How to Sightsee in Cold Weather

    Sydney may have hit an all-time record of 45.3 degrees Celsius on January 18 but in Montreal, the city where I currently reside, and, indeed, up and down the Upper Midwest and Eastern Seaboard of the United States and Canada, we froze that very same week in windchills of minus 40 degrees Celsius.

    For those who have never had the pleasure, negative 40 feels like a collision with a lorry. Air that cold stings every pore not under wraps and practically paralyses. I have also had the fortune, on a trip to Nunavik, 1,400 km north of Montreal in the Nord-du-Qu├ębec region, to experience temperatures on the open Hudson Bay in the -60 C range. Absolutely brutal.

    While the deep freeze records of January 2013 are a rarity in the likes of Montreal, Quebec City, Toronto, Chicago and New York City, they are, like wildfires and heat waves in Australia, a constant threat. With that, let me pose this question: when the mercury rises in Sydney, Melbourne and Adelaide, does daily life come to a screeching halt? Well, maybe to a certain extent, but point is, we cope, we take preventative steps for ourselves and our children and we soldier on. The same is the case in intense winter climates.

    Harbin Snow Festival, China – Photo credit

    In a city like Montreal or Moscow for example, residents inevitably have to withstand furnace-like humidity in the summer (a humidex of 40 C is typical in late July for Montreal) and, come January, blizzards, sleet and perilous plunges in temperature. And yet, we somehow revel in winter all the same and, when it gets bad, we manage. Not to brag but while the city was under a glacial chill of -25 C and below last week, I still took my infant daughter to her day care every day – a twenty-minute commute on foot (her jog stoller is beastly in snow).

    People express surprise when they see me with a two-year-old outside, in the open, in such cold temperatures. But I stuff my little girl in layers of heavy clothes, cover her up well and proper and swaddle her in wool blankets. She naps on the way to school and on the way home, believe it or not.

    The question is, how do I stay warm? After all, in the cushy refuge of a deep-set jog stroller, my daughter is safe from the polar winds. I, on the other hand, as a pedestrian, have to face it without such protection.

    Like me, a lot of cold weather tourists who visit Montreal, Moscow, Beijing, Harbin, New York City, Chicago, or even Paris, Copenhagen and Oslo, prefer to walk and refuse to let a severe windchill or a lot of snow stifle a good time. How do we do it? One word: layers.

    As a rule, people who complain about the cold have inadequate winter wardrobes. This is what I wear when the mercury dips, whether or not I’m taking my daughter to school, running errands or, more pertinently, taking in the sights.

    From left to right, I start with a merino wool base layer. The material is warm, thin and breathes. The blue top ensures my torso is comfortable and the black long underwear is my secret weapon in winter.

    Next, I throw on a fleece top and waterproof, winter running pants. As with all my layers, these items fit close to my body (baggy is very, very bad in arctic, windy weather). The thermal pants are lightweight yet protect me in windchills of -20 C. As a bonus, they have easily accessible zip pockets for a small wallet and mobile phone.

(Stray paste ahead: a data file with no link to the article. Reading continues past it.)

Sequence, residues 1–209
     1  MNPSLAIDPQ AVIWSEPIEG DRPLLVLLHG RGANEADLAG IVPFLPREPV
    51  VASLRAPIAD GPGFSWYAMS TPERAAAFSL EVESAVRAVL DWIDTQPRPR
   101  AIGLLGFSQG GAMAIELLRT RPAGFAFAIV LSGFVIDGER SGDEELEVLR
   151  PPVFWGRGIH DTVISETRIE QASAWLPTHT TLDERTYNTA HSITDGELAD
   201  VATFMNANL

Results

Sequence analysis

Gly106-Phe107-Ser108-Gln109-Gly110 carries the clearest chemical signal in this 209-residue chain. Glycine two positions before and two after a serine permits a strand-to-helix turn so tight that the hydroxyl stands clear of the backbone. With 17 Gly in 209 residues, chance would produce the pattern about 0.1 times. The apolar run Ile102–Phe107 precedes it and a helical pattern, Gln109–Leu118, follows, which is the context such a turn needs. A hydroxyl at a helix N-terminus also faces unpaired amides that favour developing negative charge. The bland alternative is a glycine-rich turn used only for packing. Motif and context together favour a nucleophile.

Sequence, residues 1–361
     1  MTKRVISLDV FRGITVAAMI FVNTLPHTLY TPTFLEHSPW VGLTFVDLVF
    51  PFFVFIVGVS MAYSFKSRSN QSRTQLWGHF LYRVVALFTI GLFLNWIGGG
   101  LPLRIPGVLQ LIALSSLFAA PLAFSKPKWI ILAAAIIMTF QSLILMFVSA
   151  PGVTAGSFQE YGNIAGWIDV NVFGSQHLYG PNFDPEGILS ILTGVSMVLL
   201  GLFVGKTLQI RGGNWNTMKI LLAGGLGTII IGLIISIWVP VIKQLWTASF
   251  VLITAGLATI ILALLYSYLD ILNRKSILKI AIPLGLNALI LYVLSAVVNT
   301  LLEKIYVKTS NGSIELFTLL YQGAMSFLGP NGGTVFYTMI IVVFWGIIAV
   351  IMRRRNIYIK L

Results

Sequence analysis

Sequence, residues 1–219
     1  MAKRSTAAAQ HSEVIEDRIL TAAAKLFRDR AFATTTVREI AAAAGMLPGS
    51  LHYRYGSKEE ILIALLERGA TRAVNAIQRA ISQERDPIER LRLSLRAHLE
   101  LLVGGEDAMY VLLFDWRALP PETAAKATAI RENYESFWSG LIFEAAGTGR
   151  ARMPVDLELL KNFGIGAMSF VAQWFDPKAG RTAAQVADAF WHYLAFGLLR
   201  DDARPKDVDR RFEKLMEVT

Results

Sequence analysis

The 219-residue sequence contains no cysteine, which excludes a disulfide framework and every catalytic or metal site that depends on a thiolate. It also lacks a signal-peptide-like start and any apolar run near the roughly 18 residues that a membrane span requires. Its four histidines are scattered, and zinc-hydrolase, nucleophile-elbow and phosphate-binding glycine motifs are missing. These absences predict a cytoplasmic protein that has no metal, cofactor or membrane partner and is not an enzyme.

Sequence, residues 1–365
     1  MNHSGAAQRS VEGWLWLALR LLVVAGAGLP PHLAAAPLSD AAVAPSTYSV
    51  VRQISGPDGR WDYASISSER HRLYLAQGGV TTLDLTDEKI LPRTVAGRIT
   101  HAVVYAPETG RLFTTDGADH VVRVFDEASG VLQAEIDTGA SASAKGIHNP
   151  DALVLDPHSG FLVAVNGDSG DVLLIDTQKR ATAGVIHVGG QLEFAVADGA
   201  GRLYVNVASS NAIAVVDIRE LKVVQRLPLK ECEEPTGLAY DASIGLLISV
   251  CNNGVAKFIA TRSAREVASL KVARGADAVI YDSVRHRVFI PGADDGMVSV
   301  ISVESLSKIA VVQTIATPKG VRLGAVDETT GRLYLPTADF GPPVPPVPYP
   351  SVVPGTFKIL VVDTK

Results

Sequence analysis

If I need to take it up a notch, and in Montreal I invariably do, I pull out the big guns. My red running jacket is reflective and attracts attention (a godsend at night and in storms) and though incredibly lightweight, is ultra-durable. Best of all, it serves as a veritable seal against the wind. The detachable hood is very handy. My ski pants fit perfectly over my running pants and simply provide me with another layer of protection against snow banks and wind gusts.

    On to the accessories. A merino wool running hat was my favourite item until it got pilfered (at my yoga studio, of all places) last month. Now I go with a lightweight fitted wool cap, a fitted cotton neckwarmer and, if the occasion calls for it, a fitted, downhill ski-style face mask. The latter makes me look a little sinister but when it’s -40 C in the wind, I couldn’t care less. As for gloves, I tend to go with a basic wool pair with composite ski or running gloves on top. You really do need the latter if you plan to stay outdoors for more than half an hour in inclement winter weather.

    I’ve left footwear for last because it so often gets underemphasised. I can’t tell you how many people I see walking about in January, February and March with a ratty pair of trainers and gym socks. When they complain bitterly of frostbitten toes or take a tumble on the ice, I’m tempted to scold them like a parent. Bottom-line: your feet are your wheels – protect them at all costs. I start with breatheable running socks and then slip on heavy wool socks. I pull them up high and tight (but not too tight). Boots are a must of course and I’ve had the same pair for six winters now. I won’t name the brand (as you can tell I’m loth to recommend specific labels – I suggest instead that you shop around, in person, and try everything on) but they’re high (over my ankle), waterproof, lace up and have dense, grooved and grippy soles.

    You may have noticed the daypack and little white pocket wallet on the bottom right. They’ve been with me forever and are trusty companions for urban walking and sightseeing – whether it’s terrifically cold outside or not.

    The key to travel in cold weather climates, then, is all about how you prepare yourself before you get outside. Dress wisely, layer up, eat a good breakfast and then, once you’re out there, move your body, walk heartily and take breaks whenever your body tells you to.

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